I get the whole wanting 'to give you child everything you never had' deal. I do. I don't necessarily agree with it (heck, I used to play with whatever was in our back yard and I turned out okay), but I do totally understand it. What I don't understand is the desire, nay, the NEED some parents have to get their child that one particular toy. These people will go to extreme lengths to get said toy for their child, waiting in line for hours on end, pushing and shoving when in the store, even resorting to bribing the sales associates. It's sad. And doesn't provide a good role model for the kids.
I witnessed a little of this craziness over Christmas time and again the other day when I ventured into a toy store to pick up some gifts for upcoming birthdays. I noticed out of the corner of my eye two grown women having a somewhat heated discussion. I didn't pay much attention; wasn't in the direction I was going in and for all I knew they were sisters giving each other 'sisterly advice'. I did however start to pay attention when I heard over the loud speaker 'clean up in aisle 6' and then almost immediately after 'Security to aisle 6'.
As I made my way up to check out, I looked over to where the women had been earlier on, and found, somewhat to my amusement, the two women on the floor, essentially wrestling with each other and toys strewn all about. The poor security guard didn't know what to do with himself, and I personally think the rest of the staff standing there were just enjoying the show.
When I got to the cashier, I asked her if she knew what was going on. Apparently there was only one left of a certain action figure (pretty popular toy for young boys - and close to sold out due to it's popularity and all the birthdays in July) and both women wanted it for their sons. They had called an associate over to find out if there were anymore in the stock room, and once they had been told 'no' and that more stock wouldn't arrive till the following week, it had become 'Wrestle Mania Mom Style'. Hence the toys being knocked off the shelf and the inept security detail.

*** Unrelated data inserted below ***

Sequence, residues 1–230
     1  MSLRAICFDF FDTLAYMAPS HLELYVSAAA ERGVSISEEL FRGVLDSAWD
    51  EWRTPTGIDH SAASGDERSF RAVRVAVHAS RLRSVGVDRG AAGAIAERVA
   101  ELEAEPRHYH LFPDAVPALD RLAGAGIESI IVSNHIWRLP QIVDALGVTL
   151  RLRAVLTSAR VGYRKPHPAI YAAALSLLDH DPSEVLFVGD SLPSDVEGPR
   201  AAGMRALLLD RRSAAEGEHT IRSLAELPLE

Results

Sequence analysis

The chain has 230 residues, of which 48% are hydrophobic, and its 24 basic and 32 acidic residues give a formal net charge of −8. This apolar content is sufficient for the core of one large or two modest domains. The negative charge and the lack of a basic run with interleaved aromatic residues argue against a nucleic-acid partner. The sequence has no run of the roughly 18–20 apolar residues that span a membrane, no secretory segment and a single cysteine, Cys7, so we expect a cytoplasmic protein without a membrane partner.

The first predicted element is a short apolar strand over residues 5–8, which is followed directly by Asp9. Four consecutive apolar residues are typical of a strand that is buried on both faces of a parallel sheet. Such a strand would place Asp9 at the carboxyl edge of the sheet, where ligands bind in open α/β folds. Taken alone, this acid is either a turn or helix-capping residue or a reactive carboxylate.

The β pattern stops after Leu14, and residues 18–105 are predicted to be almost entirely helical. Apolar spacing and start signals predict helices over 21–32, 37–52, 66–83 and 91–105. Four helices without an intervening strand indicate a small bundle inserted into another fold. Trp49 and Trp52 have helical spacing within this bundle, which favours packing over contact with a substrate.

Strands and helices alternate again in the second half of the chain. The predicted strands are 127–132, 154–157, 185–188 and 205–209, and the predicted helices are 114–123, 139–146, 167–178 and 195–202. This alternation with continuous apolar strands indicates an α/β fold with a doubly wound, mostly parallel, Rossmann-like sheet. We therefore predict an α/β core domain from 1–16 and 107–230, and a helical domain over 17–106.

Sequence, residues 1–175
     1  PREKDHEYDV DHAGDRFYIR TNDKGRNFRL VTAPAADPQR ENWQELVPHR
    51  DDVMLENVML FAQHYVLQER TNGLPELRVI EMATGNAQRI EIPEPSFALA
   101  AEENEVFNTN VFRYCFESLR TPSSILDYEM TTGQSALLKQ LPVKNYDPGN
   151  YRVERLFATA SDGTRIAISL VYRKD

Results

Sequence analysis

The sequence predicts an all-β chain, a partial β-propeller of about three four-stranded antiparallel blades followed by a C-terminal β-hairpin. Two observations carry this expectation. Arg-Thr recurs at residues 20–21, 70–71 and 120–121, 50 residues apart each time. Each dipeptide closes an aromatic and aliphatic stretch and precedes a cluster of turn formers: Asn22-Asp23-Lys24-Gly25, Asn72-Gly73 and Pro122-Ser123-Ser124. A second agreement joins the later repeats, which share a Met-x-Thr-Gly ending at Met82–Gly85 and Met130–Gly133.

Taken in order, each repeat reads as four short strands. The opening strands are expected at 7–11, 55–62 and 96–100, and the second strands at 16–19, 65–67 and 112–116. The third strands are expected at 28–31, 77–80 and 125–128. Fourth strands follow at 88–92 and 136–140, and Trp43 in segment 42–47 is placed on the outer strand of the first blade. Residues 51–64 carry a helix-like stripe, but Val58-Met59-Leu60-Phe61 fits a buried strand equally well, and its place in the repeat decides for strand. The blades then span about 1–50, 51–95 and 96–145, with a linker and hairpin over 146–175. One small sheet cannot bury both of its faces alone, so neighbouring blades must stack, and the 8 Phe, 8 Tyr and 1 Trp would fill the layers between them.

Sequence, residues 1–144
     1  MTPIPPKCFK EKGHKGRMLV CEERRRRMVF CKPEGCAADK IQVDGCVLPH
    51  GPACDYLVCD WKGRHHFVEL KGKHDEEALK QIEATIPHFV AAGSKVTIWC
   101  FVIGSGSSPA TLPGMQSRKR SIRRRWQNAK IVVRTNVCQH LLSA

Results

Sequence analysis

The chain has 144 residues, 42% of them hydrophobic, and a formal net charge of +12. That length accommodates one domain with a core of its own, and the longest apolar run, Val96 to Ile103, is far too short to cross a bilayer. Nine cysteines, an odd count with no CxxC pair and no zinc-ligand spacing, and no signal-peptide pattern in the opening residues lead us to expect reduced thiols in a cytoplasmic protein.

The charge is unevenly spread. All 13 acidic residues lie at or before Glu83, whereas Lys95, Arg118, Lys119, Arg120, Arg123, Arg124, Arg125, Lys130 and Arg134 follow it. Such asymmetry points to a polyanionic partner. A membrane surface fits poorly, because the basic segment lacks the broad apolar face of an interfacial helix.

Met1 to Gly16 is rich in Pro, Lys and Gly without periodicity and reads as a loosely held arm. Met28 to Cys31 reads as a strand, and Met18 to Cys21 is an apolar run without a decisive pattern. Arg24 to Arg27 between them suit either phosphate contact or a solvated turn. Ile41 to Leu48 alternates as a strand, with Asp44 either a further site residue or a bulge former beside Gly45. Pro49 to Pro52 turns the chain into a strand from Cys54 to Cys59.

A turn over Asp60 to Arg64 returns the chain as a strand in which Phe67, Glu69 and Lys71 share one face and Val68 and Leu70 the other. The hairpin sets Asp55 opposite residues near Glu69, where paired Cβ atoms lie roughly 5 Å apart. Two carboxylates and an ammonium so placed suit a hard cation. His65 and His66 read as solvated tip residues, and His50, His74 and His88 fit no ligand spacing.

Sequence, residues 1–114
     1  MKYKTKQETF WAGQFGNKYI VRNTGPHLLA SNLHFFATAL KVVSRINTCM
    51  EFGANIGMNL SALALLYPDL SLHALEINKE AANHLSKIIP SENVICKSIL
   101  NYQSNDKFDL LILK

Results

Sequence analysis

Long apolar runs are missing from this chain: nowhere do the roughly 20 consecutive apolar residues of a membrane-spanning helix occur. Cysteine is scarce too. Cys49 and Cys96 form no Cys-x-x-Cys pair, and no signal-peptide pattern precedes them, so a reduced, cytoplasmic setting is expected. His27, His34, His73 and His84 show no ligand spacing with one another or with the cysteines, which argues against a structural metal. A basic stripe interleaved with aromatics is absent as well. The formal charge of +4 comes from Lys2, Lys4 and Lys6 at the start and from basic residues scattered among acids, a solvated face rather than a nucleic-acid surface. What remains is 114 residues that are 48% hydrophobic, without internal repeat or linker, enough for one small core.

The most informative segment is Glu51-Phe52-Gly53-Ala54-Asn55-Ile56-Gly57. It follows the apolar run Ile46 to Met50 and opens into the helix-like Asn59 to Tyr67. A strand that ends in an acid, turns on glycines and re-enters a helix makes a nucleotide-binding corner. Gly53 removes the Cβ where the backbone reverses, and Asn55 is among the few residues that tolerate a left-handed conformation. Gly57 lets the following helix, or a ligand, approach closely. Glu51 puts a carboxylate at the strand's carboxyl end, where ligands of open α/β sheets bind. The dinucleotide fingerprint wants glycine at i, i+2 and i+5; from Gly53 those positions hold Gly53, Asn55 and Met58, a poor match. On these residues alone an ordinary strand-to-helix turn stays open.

I was kind of shocked. I mean, you hear about these horror stories happening during Black Friday sales, but you never really believe them. Unfortunately, I was informed that it happens more than you would think. Most people are pretty cool about the situation, but every now and then, you get two people who are both, well let's just say they are extremely 'passionate' about providing for their child and 'toy wars' erupts.
And what's really sad, is that some parents feel that to show their child how much they love them, they have to go to these kinds of lengths. Kids learn these kinds of behaviors - if they associate 'love' with 'gifts' then unfortunately that's what they will grow up expecting.
I'm not saying to deny your child things they want - it would be a little hypocritical of me (I lurve buying fun stuff for Little P, but I also know that our house is only so big...) - I'm just saying that the next time you feel the need to get Little Johnny that 'super-duper-all-new-and-totally-fantastic toy, think twice about whether it's the toy he wants or just you playing with him.
Till next time, keep you elbows close to your body and your head protected.
Mommy-ism #22: Wooden blocks & bare feet do not make a good pair (end result is the 'Mommy in pain but cant swear dance, which also apparently provides Little P with some early morning entertainment).